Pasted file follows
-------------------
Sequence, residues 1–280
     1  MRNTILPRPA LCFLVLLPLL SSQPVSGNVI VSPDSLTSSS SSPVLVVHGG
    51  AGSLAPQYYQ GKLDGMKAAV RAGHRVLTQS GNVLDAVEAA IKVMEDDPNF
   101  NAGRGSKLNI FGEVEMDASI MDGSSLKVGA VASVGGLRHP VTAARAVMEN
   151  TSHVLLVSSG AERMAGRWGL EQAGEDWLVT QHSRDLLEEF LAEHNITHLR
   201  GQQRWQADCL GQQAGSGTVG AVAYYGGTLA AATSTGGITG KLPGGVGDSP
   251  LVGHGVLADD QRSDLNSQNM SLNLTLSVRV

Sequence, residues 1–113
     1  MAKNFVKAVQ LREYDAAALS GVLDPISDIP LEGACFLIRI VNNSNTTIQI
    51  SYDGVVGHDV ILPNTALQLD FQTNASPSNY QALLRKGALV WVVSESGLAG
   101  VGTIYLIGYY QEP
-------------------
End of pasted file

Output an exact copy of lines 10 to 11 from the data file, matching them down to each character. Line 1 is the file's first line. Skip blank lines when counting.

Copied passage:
    51  SYDGVVGHDV ILPNTALQLD FQTNASPSNY QALLRKGALV WVVSESGLAG
   101  VGTIYLIGYY QEP